By Peter Marcus, DENVER DAILY NEWS
Denver may be an attractive alternative for government officials looking to hold meetings in cities that don’t have “fun,” lavish stigmas attached to them.
A Wall Street Journal article Wednesday reported that federal agencies — like the U.S. Department of Agriculture — are encouraging conference planners to find cities that don’t come with the price tags associated with places like Orlando and Las Vegas.
With budgets facing significant shortfalls and subsequent cuts given the economic downturn, some federal agencies are looking to stay away from stereotypical “fun” vacation/resort spots, according to the article.
Cities like Denver and Fort Collins are being eyed as alternatives, though city and tourism officials say the reasoning is not because the cities aren’t fun.
“Just because people might not be getting into trouble in Denver doesn’t mean they won’t be having a whole lot of fun,” said Denver Mayor John Hickenlooper.
Vegas trips frowned upon
After it came to light that Wells Fargo & Co. — which accepted $25 billion in federal bailout money — had been planning an employee recognition conference in Las Vegas, President Obama said, “You can’t get corporate jets, you can’t go take a trip to Las Vegas or go down to the Super Bowl on the taxpayer’s dime.”
Wells Fargo ultimately cancelled the trip. Also in February, Goldman Sachs Group Inc. — which accepted $10 billion in federal bailout funds — moved a three-day conference from Las Vegas to San Francisco.
Federal agencies may be employing similar tactics, looking towards cities like Chicago, Denver, Portland, Ore., St. Louis, Washington, D.C., Milwaukee, Phoenix and Fort Collins, according to the Wall Street Journal.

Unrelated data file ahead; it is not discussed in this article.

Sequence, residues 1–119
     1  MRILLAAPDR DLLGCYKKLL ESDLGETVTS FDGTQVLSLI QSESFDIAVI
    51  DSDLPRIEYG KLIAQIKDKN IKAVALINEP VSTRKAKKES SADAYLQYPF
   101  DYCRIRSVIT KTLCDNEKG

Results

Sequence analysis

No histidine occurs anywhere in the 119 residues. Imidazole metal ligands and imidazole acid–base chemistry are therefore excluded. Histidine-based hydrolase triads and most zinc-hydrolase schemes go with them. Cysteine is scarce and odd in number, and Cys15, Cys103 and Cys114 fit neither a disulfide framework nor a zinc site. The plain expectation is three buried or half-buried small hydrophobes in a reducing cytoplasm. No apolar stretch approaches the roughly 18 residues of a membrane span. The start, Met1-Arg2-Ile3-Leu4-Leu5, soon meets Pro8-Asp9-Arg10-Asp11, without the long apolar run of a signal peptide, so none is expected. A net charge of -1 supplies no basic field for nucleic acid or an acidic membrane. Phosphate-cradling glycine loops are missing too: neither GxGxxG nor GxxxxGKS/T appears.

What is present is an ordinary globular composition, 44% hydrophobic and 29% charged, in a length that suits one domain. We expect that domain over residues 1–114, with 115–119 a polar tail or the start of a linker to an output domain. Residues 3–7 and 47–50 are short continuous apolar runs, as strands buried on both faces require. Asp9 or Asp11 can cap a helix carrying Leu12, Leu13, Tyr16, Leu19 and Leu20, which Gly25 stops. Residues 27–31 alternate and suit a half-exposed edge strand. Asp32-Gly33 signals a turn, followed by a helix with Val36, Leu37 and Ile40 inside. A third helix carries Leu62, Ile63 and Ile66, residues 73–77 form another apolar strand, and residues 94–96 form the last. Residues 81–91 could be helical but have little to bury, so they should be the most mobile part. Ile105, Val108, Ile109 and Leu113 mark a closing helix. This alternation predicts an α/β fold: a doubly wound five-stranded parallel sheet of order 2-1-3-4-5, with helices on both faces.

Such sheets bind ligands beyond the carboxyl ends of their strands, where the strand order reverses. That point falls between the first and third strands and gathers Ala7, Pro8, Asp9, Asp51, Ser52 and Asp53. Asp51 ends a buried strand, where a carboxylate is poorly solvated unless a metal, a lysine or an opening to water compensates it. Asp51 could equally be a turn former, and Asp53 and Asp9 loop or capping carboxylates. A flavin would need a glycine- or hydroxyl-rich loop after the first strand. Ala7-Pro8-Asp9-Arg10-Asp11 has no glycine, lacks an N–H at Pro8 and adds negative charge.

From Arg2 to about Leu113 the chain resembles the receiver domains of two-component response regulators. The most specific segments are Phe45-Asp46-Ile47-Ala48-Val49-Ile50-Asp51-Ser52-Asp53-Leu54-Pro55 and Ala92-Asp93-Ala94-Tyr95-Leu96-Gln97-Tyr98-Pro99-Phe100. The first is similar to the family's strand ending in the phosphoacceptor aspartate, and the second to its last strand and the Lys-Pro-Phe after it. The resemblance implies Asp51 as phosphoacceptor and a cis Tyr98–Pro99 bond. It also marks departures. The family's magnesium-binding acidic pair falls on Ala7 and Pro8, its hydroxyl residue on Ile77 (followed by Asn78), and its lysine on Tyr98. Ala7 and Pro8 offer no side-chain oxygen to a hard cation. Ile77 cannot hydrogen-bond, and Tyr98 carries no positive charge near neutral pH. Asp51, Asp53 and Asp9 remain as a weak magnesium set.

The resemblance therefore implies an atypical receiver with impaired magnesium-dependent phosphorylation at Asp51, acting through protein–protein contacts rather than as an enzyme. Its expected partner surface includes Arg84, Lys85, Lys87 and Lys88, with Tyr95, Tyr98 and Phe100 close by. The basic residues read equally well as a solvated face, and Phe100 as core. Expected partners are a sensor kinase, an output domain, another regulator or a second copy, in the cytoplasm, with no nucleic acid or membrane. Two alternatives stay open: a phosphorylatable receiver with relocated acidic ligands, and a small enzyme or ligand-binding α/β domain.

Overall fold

An Agriculture Department employee said the cities were chosen for three attributes: a travel hub, low in cost, and a “non-resort location,” according to the article.
Makes sense to meet here?
Richard Scharf, president and chief executive of the Denver Metro Convention and Visitors Bureau, said it makes sense that Denver is on the list, considering it is easily accessible and a low-cost destination.
And beyond that, Denver also has an “incredible playground,” added Scharf.
“We’ve invested so much in the city and the city center, and with all the museums, and the art and cultural renaissance that’s going on, and then of course having eight professional sports teams, and then incredible weather, it all adds up where I think we’re as well-positioned as we can be,” he said.
Denver last year experienced its best year for conventions and tourism. While the Democratic National Convention helped, Scharf said the city was poised to have its best year even before the convention.
This year, the city has already hosted at least four high profile conventions with groups of more than 10,000. Scharf said conventions are down this year anywhere from 5-10 percent, but he said Denver is still “holding its own” compared to some cities that are experiencing declines of as much as 30 percent.
Convention and tourism officials attribute the city’s success to extensive marketing campaigns.
Fun outside of Denver
Also, with mountain resorts being less than two hours outside the city, Denver may be attractive because meeting attendees can plan for personal time not associated with official business. For example, someone might choose to come to Colorado early or stay late to go skiing or hiking, said Scharf.
Hickenlooper added that another reason Denver may be attractive to government officials is because it is very capable at handling official gatherings.
“We proved last summer we can put on a giant convention like the DNC, but we’re even better at hosting smaller conventions, like for government agencies,” he said.
Scharf added that he considers it an honor for Denver to be considered among such cities as Chicago and Washington, D.C.
“Being in the company of Chicago and D.C. has never bothered me,” he quipped. “And I think those other cities are really up-and-coming cities as well … A lot of convention groups are tired of going to the same six or seven cities — they’re looking for some alternative cities that offer great destination appeal, and I think that’s why we’ve move up the ranks.”
Distributed by Colorado Capitol Reporters